Dr. Mel Siff, A Short History of Strength and Conditioning (Dolfzine, 2003)

Strength training has always been synonymous with the so-called “Iron Game,” a broad generic term that includes the competitive lifting of heavy objects by “strongmen/women” during the last century or so. Feats of lifting strength, however, have appeared throughout the history of most nations, but it has only been in very recent times that training to produce strength has become a scientific discipline.


Mel C Siff Ph.D.
This science did not arise overnight, but is the culminating point of thousands of years of trial-and-error methods of training.

The earliest reference to formal strength training occurs in Chinese texts dating as far back as 3600BC when emperors made their subjects exercise daily (Webster, 1976). During the Chou dynasty (1122-249BC) potential soldiers had to pass weight-lifting tests before being allowed to enter the armed forces.

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Guest Post: Here’s A Brief Look At The History of Physical Therapy

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Physical therapy, which is a unique treatment approach for healing musculoskeletal and neuromuscular conditions has a rich history that dates back to 460 BC. Used nowadays for treating conditions like hip fracture, backaches, neck pain, shoulder injuries, foot and ankle pain, and headaches etc., physical therapy is not a new treatment method as most people think. Yes, physical therapy had been used by people belonging to different civilizations for managing pain and healing injuries for ages.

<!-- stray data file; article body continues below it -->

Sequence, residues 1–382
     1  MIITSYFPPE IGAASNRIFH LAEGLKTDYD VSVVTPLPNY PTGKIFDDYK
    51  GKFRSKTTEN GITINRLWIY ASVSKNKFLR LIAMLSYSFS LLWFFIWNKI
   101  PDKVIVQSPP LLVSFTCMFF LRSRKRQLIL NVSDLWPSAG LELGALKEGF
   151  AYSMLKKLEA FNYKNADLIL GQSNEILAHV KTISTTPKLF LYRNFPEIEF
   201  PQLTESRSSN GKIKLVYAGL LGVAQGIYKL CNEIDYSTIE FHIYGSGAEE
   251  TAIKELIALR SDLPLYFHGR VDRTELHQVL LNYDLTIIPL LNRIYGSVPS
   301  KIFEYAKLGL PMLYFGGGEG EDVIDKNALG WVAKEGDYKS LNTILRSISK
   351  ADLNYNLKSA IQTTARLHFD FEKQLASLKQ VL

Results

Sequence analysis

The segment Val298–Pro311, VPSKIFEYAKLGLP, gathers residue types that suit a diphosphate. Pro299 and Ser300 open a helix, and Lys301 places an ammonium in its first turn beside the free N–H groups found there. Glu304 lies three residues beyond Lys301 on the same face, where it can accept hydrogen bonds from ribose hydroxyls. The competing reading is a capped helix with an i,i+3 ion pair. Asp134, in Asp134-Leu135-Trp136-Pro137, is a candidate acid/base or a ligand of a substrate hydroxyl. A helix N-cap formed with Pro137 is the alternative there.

Whether you talk about ancient Greeks, Parisians, Egyptians or Chinese they all had been using physical therapy to treat the pain caused by injuries and prolonged illnesses for centuries. With the passage of time physical therapy continued to evolve and today it’s a very renowned form of treating a wide range of musculoskeletal and neuromuscular conditions.

Joe Weider, Why I Entered the Mr. Universe Contest, Your Physique, February 16: 7 (1952), 7

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UP UNTIL a few minutes ago, I had not the slightest intention or expectation of writing this article. Since my return from Europe, my mail has been flooded with letters asking my why I entered the contest. “How good are the European bodybuilders compared to our boys?” asked one reader. “What were your experiences, and how was the show conducted and organized?” inquired another. I read a score of letters and as the pile of mail slowly grew higher and higher before me, I realized the futility of answering separately each piece of correspondence. So after a few minutes consideration, I decided to make an article take the place of a letter to those many fellow enthusiasts who have congratulated me, and have expressed pleasure and surprise that the editor of a physique culture magazine had the courage to show the world he practised what he preached.